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Does the wearing of padded headgear in non-helmeted contact sports reduce the likelihood of sustaining a concussion? A critically appraised topic

Milby, Alex
Miller, Melissa
Volberding, Jennifer
Context: Concussions are a hot topic in the world of athletics. When most people think of concussions in the world of sports, they generally think of sports such as American football or ice hockey. Current literature men's rugby has the highest amount of concussions of all the team contact sports for both adult and adolescent athletes. High on the list for adolescent athletes is soccer, having the 5th most concussions behind hockey, American football, and lacrosse. It is important to note that of the top 5 sports for concussion, soccer and rugby are the only ones that do not require the use of a helmet. This raises the question: could wearing padded headgear decrease the amount of concussions in the high concussion risk sports that do not require a helmet?
Objective: To determine whether or not the wearing of padded headgear in contact sports (i.e. rugby and soccer) reduce the likelihood of sustaining a concussion.
Data Sources: A search was conducted in November 2019. Electronic databases utilized included PubMed, SPORTDiscus, and Google Scholar. Hand searches were also performed through the article's reference lists. The terms used in the search included soccer, rugby, headgear, padded headgear, concussions, and prevention.
Study Selection: Studies were included if performed on humans, looked at the relationship between padded headgear and concussions, were conducted within the last 15 years, and included only rugby or soccer. Studies were excluded if they were performed on animals, looked strictly at how headgear dissipates force, looked at non-padded headgear (hard shelled helmets, mouth-guards, or face shields), researched how headgear effected accuracy, or sought out the athlete's opinions on headgear and concussions.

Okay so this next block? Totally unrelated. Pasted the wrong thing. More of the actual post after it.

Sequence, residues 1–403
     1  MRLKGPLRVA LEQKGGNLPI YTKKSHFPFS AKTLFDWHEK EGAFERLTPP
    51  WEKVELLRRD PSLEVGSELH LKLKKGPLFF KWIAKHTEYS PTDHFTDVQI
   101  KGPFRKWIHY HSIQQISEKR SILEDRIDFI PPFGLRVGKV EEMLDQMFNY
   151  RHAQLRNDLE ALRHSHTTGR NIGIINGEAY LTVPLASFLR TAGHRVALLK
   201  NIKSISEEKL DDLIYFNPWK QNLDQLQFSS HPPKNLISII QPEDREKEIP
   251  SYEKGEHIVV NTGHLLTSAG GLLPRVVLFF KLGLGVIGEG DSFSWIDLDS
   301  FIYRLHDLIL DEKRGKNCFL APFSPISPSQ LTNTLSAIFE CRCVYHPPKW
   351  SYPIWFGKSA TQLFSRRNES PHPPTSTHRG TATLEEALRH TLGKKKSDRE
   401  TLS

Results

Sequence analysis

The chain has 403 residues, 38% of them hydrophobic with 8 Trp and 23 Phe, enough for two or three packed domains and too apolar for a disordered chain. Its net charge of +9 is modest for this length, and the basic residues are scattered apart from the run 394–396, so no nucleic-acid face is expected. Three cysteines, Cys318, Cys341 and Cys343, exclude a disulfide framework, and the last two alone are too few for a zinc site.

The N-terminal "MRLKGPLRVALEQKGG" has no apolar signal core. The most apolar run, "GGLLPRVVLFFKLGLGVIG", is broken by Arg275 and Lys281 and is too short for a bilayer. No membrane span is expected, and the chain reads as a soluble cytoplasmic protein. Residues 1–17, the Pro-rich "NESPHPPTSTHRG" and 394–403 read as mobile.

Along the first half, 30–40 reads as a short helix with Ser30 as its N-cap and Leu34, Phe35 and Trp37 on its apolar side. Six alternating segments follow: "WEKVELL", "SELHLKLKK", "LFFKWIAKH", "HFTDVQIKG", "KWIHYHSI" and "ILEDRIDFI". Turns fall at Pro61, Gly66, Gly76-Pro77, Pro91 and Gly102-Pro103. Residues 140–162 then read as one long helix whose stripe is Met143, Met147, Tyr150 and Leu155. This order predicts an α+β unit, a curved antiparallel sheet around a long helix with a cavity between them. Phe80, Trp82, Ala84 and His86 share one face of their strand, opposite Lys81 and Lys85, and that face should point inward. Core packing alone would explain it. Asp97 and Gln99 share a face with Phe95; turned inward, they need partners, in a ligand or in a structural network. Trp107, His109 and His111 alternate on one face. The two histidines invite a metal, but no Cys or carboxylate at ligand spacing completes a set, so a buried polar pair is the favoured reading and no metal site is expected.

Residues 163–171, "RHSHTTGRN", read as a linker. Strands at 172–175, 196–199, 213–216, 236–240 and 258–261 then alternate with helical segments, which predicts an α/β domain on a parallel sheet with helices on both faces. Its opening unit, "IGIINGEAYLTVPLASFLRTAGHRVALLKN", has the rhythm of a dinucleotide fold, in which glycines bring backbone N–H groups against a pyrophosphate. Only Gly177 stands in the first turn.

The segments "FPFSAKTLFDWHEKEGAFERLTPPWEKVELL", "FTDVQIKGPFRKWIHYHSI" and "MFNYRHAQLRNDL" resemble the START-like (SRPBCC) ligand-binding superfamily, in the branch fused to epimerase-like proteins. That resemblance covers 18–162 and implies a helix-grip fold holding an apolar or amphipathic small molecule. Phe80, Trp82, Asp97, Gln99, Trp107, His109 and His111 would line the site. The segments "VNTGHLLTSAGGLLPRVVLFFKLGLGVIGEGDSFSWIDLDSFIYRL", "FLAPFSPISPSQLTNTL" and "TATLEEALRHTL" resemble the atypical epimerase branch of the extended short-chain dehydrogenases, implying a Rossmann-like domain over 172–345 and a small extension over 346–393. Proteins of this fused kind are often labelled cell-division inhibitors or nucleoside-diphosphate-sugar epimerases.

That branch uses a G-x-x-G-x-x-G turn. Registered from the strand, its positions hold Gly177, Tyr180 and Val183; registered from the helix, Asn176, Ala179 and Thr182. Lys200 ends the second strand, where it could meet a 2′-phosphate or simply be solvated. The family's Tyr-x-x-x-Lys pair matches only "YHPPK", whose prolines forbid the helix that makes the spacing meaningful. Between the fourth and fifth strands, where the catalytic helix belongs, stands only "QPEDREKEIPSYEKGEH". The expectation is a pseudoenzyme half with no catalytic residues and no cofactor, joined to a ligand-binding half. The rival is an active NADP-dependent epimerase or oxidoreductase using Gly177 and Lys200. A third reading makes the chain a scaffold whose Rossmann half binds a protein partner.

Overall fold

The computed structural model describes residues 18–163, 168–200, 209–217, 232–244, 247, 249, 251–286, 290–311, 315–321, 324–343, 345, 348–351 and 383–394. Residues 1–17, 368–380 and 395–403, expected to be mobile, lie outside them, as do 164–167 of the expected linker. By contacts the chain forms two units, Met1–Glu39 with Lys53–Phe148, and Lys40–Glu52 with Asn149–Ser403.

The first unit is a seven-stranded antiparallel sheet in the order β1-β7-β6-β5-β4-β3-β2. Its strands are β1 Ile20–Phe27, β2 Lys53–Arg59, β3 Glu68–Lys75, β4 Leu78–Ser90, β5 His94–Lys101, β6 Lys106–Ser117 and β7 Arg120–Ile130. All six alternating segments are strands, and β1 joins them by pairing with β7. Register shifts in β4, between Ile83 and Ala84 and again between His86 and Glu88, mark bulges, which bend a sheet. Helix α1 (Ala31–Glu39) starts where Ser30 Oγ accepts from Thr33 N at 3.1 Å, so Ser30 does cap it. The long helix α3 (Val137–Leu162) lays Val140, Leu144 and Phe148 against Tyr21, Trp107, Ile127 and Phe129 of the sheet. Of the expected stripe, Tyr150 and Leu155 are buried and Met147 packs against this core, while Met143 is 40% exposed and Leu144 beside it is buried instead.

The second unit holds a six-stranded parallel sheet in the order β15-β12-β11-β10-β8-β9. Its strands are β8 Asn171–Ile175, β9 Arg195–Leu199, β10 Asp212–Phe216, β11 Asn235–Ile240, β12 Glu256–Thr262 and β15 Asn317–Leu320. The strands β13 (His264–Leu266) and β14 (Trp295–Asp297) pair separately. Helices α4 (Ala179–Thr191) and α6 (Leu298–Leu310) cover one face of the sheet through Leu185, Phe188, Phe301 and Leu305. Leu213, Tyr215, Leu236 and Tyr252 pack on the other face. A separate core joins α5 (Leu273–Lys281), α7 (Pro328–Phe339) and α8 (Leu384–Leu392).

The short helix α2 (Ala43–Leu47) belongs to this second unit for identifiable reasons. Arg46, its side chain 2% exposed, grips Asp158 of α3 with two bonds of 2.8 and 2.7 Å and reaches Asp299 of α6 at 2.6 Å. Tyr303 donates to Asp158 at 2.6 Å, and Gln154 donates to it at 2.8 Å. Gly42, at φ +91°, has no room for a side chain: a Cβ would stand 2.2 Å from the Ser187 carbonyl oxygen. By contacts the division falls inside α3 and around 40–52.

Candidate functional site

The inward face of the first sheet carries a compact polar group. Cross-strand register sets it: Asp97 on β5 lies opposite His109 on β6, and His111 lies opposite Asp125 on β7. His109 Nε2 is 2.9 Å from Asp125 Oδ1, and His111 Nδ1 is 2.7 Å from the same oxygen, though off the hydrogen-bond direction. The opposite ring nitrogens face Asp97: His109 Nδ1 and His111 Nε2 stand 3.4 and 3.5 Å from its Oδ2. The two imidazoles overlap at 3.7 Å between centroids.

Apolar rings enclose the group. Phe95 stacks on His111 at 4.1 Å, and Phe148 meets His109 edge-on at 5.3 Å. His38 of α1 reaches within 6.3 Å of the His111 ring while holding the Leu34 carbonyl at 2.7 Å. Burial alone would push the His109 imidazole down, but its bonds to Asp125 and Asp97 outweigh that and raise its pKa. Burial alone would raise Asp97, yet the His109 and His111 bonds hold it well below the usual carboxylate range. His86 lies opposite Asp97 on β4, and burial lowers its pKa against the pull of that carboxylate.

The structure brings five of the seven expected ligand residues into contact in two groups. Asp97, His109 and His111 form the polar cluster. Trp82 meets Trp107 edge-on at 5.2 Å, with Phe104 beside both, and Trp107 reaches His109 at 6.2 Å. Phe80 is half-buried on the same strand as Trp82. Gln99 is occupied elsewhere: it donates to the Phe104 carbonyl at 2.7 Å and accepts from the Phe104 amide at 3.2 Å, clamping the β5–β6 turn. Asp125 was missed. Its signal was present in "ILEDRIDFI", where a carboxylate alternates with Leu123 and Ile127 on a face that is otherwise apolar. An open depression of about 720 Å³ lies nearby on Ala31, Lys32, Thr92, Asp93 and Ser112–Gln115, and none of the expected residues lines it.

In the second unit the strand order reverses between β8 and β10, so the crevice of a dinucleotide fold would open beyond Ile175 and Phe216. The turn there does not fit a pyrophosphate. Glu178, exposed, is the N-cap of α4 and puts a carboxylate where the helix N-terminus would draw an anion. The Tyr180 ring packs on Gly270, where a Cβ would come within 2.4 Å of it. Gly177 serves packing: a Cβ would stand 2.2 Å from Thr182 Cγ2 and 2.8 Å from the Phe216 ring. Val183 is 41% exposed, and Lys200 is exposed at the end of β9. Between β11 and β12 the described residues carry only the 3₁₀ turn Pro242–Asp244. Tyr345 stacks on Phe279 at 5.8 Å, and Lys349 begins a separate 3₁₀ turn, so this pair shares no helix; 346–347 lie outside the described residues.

Data Extraction: Three studies, one cross-sectional study and two randomized controlled trials were selected based on the inclusion/exclusion criteria. Data Synthesis: The cross-sectional study asked adolescents (12-17yo) on a traveling soccer team a survey that asked them about their use of headgear and any concussion symptoms experienced and found that a little more than 50% of non-headgear users reported concussion symptoms compared to 27% of headgear users. One RCT studied 14-18-year-old soccer players while the other studied 13-20-year-old male rugby athletes. Both studies showed that the wearing of headgear did not decrease the likelihood of sustaining a concussion.
Conclusions: There is good, but conflicting evidence about the use of padded headgear in non-helmeted contact sports. It is due to this confliction that we cannot say whether or not these headgears may be useful in preventing concussions. More focused research is necessary in order to better understand the impact padded headgear has on concussions. Based on the SORT system, a grade B recommendation is given due to inconsistent findings in level 2 evidence.